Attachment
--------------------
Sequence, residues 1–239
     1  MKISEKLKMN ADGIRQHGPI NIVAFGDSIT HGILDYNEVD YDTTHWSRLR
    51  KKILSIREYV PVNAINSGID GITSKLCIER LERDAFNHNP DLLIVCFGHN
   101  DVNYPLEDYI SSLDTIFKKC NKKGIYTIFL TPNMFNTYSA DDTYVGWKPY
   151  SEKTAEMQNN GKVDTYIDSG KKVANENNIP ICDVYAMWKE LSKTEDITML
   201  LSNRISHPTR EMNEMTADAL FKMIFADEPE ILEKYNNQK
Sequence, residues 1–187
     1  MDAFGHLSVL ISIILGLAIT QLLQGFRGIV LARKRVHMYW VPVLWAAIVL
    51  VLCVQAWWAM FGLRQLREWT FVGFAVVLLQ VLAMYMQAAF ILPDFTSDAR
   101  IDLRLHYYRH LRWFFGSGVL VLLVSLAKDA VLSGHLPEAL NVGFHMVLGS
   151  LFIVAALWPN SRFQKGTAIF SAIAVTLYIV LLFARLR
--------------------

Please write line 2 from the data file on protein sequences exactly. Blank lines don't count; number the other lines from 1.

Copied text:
     1  MKISEKLKMN ADGIRQHGPI NIVAFGDSIT HGILDYNEVD YDTTHWSRLR